With a quick response, they were able to keep it restricted to the “generally endemic area,” an 89-square-mile plot where sudden death of oak trees is common. No one is permitted to transport Tanuak in or out of this area. Trunks of coniferous trees coming from the infested area should be cleaned of all debris and soil. government reports I predicted that if the infested area spreads, Asian markets could sanction exported Oregon lumber. Officials regularly monitor Oregon nurseries for Phytophthora ramorum. Until Peterson’s discovery in April, the pathogen was believed to have been successfully contained.
Peterson’s discovery was more than 20 miles from the quarantine border, too far for spores to travel alone. Analysis of the samples confirmed that the trees were infected with Phytophthora ramorum, but that wasn’t the only bad news: it was a new species of the pathogen, “North American Two,” or “NA2” (named after the continent on which it was first isolated in the laboratory), which was previously only discovered in nurseries. This means that it was a new introduction – likely also from an imported nursery, although it has not been confirmed – and an unexpected new version of the organism.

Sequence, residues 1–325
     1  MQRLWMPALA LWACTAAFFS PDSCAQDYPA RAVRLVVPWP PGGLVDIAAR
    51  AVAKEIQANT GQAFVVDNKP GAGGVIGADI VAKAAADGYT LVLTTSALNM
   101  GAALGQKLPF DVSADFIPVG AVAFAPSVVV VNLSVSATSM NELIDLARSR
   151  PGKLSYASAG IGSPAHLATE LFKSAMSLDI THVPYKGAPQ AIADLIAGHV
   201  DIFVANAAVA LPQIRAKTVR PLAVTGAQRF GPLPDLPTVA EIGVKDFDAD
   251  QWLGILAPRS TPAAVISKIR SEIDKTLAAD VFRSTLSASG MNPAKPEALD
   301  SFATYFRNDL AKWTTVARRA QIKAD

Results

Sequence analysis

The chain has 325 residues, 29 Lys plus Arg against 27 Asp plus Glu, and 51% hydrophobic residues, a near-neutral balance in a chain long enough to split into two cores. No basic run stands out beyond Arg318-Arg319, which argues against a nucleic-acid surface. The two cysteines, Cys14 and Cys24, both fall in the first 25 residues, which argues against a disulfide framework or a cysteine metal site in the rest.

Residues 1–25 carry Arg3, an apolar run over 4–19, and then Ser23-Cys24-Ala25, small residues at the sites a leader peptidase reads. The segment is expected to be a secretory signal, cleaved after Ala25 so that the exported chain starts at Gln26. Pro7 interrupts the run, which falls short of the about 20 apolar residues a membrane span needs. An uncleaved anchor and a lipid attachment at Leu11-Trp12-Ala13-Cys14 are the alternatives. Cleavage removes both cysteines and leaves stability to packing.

For Peterson, this was shocking, and most of all disappointing. “The nursery industry, in particular, has invested a lot of energy in monitoring Phytophthora ramorum, and trying to prevent the spread of these outbreaks,” she says. But plant pathogens, like human viruses, are small, cunning and difficult to defend. The disease “lives in the soil, and there’s a lot of movement of plant and soil material from one site to another, and that kind of thing happens,” Peterson says. “It’s no surprise that this eventually happened.”
No one yet knows how NA2 will behave in the woods, although in some laboratory studies it appears to be more aggressive than NA1, the strain now prevalent. In a worst-case scenario, a more contagious strain could spread beyond the tanuak to other species, perhaps even Douglas Fir and other trees of commercial importance.
Dealing with this new battle front fell largely on the shoulders of Sarah Navarro, a Sudden Death Oak pathologist. She and her team surveyed the affected area, and found that more than 146 of the 186 wild tanhuaks and rhododendrons they took tested positive. The incidence of NA2 was much greater than they originally thought.
They could have tried to clean up the tanoaks and then compost them, but this is a slow and complex process that leaves behind piles of logs that could be confused with firewood, creating opportunities for unintentional campers to accidentally move infected logs. Navarro felt she had only one real choice: cut and burn. “This is not the business I got into,” Navarro says. But it is the best tool they should try to slow its spread.